Budapest is a great long weekend escape. I spent three days in the city earlier this year, and here are my top ten things I’d recommend you do on your trip.
- River Boat Tour of Danube or Tuk Tuk/Trabant Tour
- Castle Hill – Buda Castle
- Great Hill & Statue
- St. Stephen’s Basilica
- Great Central Synagogue
- Hero’s Square
- House of Terror
- Széchenyi Thermal Bath
- Great Market Hall
I didn’t do a boat tour, but I did a Trabant tour of the city. It’s a great way to cover a lot of ground quickly. You can also then go back to the places you liked the most to explore more in-depth on foot. The Trabant is an old car from the 1950s that was made in East Germany. It was fun riding around in it because everyone checks out the vintage car. Taking this tour is also great because they’ll take you to all the great hills (and saves you the trouble of climbing up them. Great Hill and Castle Hill are the two best peaks to visit to get amazing views of Budapest. Both neighborhoods are also very cute and worth walking around.
I also highly recommend visiting St. Stephen’s Basilica and going to rooftop (and don’t forget to see the Holy Hand of St. Stephen in the church – pictured below). It gives you a different perspective because it’s on the other side of the river. I didn’t do the boat tour, but I’d imagine it’s also really worthwhile. Budapest is actually two cities separated by the Danube and each side of the city has its own unique vibe. Buda is very picturesque with hills and spectacular views and Pest is flatter but with more of a city-hip urban vibe. I stayed on the Pest side of the city, and I’d recommend it since it has more bars and things to do in the evenings.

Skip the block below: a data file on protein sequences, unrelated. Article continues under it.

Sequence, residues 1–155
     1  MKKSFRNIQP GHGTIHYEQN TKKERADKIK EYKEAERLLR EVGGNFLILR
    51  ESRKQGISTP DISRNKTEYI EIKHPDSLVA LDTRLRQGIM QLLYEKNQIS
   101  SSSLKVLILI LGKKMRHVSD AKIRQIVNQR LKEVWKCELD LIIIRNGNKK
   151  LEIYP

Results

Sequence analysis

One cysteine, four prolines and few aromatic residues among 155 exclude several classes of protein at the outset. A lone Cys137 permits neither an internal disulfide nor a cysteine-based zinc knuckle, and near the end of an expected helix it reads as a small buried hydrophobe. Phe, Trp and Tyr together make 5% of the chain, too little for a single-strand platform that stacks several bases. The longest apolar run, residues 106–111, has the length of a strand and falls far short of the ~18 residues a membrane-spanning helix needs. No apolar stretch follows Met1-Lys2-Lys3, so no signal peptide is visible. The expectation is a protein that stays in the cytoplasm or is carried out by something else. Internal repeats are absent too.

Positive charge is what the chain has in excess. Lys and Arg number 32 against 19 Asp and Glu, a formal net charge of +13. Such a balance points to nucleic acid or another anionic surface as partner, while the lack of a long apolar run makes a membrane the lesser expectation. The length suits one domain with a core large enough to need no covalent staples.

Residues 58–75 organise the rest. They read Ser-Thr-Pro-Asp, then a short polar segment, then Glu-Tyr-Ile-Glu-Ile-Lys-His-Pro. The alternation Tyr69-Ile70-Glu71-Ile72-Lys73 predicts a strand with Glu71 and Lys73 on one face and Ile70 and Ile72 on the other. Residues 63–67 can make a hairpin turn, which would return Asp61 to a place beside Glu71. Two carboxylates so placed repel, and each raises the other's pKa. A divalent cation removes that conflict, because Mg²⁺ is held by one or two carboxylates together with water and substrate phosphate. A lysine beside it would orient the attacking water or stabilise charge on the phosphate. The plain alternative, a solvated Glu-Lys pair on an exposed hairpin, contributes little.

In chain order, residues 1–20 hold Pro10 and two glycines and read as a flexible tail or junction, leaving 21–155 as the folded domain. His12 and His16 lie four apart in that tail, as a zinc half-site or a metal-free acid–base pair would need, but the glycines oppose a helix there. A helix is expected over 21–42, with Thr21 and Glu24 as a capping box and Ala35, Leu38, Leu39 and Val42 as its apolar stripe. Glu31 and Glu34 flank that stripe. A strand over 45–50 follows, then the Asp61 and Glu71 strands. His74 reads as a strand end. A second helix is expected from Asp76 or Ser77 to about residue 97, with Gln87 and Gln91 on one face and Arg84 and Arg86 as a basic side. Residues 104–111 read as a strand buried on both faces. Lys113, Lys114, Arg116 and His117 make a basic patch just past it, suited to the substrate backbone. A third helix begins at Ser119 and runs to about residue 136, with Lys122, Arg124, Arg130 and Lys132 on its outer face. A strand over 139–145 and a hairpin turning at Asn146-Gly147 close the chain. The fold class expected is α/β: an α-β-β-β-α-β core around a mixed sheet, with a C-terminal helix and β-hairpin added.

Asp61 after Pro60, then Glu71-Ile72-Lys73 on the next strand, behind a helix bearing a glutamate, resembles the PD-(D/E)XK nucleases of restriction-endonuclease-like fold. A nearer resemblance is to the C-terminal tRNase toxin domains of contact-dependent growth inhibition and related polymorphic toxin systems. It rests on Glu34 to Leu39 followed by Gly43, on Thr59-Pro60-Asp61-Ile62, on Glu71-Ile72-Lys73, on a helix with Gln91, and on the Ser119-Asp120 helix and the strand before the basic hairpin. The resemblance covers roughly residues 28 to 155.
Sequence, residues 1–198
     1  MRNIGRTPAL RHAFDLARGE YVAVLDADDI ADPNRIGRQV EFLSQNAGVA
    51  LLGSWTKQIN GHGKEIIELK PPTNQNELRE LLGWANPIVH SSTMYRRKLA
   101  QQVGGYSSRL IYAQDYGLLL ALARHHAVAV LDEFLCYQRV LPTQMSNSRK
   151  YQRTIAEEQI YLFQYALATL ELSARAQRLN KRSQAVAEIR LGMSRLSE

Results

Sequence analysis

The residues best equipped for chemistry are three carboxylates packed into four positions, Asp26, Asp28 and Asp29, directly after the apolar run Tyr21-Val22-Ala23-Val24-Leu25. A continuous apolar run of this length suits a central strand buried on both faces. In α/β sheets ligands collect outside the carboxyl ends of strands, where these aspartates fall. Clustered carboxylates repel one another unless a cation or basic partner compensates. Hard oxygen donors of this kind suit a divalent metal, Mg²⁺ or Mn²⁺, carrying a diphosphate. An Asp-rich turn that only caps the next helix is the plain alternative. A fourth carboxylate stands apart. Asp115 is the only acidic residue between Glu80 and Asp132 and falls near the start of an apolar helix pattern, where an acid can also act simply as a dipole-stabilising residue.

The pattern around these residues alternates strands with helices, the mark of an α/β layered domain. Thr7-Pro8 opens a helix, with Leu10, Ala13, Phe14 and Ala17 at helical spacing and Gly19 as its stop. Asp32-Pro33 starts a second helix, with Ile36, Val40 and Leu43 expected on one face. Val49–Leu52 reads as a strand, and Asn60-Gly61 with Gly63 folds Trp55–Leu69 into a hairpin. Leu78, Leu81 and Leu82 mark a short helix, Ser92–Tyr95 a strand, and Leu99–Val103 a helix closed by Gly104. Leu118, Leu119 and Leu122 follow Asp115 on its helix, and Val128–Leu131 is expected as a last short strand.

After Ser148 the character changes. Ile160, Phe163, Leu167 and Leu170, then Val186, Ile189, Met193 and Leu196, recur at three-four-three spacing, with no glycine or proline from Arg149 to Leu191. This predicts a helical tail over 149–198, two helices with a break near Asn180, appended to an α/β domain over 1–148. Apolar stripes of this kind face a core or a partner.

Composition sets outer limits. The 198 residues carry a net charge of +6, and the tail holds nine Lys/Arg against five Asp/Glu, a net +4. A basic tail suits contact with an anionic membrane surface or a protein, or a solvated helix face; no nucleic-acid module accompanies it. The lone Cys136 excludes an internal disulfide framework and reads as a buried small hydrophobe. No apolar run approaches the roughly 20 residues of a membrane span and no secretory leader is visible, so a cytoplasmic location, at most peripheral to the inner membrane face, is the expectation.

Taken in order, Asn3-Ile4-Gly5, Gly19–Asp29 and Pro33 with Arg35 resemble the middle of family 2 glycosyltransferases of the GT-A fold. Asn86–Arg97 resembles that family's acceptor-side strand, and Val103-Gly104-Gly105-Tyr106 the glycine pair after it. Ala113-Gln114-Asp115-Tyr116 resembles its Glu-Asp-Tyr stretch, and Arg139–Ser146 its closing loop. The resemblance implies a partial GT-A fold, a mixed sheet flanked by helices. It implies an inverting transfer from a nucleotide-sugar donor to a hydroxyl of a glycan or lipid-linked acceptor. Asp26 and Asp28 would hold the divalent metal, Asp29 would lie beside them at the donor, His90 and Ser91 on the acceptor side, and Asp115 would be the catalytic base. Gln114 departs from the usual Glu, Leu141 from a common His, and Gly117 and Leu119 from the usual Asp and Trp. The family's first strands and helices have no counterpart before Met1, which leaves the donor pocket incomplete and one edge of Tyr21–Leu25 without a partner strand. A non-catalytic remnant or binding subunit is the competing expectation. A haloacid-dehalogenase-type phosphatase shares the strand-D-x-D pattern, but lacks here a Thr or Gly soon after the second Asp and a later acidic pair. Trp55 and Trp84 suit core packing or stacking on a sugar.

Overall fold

Food is also a big reason why I travel. Budapest has a few market places and they are worth visiting to try the different varieties of food. I visited the Great Market hall. My guide said all the markets are very similar so pick the one you’d like to go to instead of trying to visit them all if you’re time is limited.
I don’t like to spend too much time in museums, but the House of Terror is one that is worth visiting. It talks about the darker history of Hungary as a country that has been conquered by so many different empires and how it kept its citizens in-line.
I’d recommend ending your long days exploring the city in one of the many thermal spas. Széchenyi Thermal Bath is a popular one and is very large so doesn’t feel very crowded. It’s also a great way to relax your leg muscles from walking around exploring the Jewish Quarter where the Great Synagogue is to Andrassy Avenue, which ends into Hero’s Square, also known as the Champs Elysees of Budapest.